Dev Anand passes away; last rites in London
Mumbai: Screen legend Dev Anand died in his sleep on Sunday, leaving behind a legacy of classics like ‘Guide’ and ‘Hum Dono’.
From colleagues to fans - everyone woke up to a rude Sunday morning shock as the news of the legendary actor Dev Anand passing away in London unfolded. Hindi cinema’s evergreen star who epitomised the suave, urban gentleman on screen, died after a cardiac arrest in London. He was 88.
"His son Sunil came out of the bathroom and saw that Dev saab was not responding. He called the doctor, who said that he had a heart attack. He died at 10 in the night in London," Mohan Churiwala, Dev Anand's manager, said.
According to Churiwala, the cremation will be held next week in London. "He will be cremated in London only after Tuesday. Cremation cannot take place till his daughter reaches there. His body is kept in a hospital right now," adding that his wife may also accompany her daughter.
He is survived by his wife, former actress Kalpana Karthik, a son and a daughter.
In a career spanning over 65 years, Dev Anand worked in films like `Kala Pani`, ‘Guide`, `Hum Dono`, `Tere Ghar Ke Samne`, `Gambler`, `Jewel Thief`, `Hare Rama Hare Krishna` and `Ishq Ishq Ishq`.
The stalwart was awarded the Padma Bhushan in 2001. His last film `Chargesheet`, which released this year, was directed, written and produced by him. The film proved to be a dud at the Box Office, but his enthusiasm to contribute more to Hindi Cinema could not be dampened.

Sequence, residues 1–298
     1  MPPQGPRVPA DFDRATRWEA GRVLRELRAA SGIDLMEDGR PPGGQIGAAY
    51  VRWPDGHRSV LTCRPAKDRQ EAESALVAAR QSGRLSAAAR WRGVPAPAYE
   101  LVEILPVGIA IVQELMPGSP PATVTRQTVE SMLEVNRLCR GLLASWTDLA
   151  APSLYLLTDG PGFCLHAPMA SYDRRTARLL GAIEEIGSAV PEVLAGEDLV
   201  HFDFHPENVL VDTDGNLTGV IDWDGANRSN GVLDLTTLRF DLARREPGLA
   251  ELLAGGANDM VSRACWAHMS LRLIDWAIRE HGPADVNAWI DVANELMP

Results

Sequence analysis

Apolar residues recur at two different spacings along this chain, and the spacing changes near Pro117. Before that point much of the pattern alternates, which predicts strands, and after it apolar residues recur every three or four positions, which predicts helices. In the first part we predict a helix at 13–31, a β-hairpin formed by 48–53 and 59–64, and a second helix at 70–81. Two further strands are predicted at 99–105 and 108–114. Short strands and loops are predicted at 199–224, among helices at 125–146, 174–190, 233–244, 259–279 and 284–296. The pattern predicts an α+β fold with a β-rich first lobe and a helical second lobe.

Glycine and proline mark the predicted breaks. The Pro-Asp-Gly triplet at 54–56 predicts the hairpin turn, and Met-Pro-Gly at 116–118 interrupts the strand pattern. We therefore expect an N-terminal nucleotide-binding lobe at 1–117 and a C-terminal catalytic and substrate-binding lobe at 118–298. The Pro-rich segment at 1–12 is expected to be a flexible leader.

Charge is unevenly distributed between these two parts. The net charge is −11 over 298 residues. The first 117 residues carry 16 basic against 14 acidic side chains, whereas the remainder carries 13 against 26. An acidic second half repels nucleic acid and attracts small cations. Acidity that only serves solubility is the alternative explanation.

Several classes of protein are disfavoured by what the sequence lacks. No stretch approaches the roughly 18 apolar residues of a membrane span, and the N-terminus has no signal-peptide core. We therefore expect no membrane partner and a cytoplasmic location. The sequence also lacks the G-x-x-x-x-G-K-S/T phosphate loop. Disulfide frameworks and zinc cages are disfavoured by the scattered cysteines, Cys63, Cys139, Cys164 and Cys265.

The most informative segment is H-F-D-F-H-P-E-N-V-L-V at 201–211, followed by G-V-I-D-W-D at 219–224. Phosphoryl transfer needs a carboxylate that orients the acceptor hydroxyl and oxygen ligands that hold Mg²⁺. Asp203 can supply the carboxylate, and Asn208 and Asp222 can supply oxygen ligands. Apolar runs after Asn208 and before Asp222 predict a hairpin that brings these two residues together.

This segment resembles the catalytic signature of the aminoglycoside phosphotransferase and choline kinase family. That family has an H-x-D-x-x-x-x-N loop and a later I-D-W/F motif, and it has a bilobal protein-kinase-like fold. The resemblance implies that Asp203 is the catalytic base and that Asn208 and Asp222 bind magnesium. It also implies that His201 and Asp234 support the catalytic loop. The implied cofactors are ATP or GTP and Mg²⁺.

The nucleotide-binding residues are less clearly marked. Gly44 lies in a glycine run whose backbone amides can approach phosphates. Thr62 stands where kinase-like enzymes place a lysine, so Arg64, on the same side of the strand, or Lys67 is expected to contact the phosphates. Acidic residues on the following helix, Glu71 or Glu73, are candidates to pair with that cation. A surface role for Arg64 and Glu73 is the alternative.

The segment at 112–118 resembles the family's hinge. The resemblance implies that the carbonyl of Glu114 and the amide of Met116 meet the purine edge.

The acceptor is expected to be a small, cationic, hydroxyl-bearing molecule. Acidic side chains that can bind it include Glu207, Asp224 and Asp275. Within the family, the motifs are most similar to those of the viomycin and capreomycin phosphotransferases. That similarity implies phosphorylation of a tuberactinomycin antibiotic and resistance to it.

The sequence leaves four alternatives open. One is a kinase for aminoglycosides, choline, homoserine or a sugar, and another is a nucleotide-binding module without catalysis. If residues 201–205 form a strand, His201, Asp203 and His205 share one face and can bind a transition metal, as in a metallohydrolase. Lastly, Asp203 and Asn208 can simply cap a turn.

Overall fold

A controversial personality, Dev Anand made films that were bold, something the Indian audiences could never expect from an Indian filmmaker.
However, he was loved and adored for who he was - a happy-go-lucky man, who was full of life.
Veteran actor Amitabh Bachchan expressed grief over the death of his senior colleague and took to the Twitter to say, “Had just met Dev Sahab at his premiere recently…he was weak but full of life(sic)”.
Dev Anand seemed to have adopted the philosophy of the song "Main Zindagi ka saath nibhata chala gaya" from "Hum Dono", in real life too. His body of work speaks volumes about the man who was not only a great actor, but multi-tasker and a trendsetter.
If as an actor he proved his versatility with hits like ‘Tere Ghar Ke Samne’, ‘Jewel Thief’ and ‘Guide’, as a director he made a "zara hatke" movie ‘Hare Rama Hare Krishna’ that also gave Bollywood its first anglicised glamour icon in Zeenat Aman.
He played a long innings in filmdom and saw ups and downs, but his never-say-die spirit reigned supreme. His fans and colleagues still say, "Abhi na jao chodkar ki dil abhi bhara nahin".
(With IANS Inputs)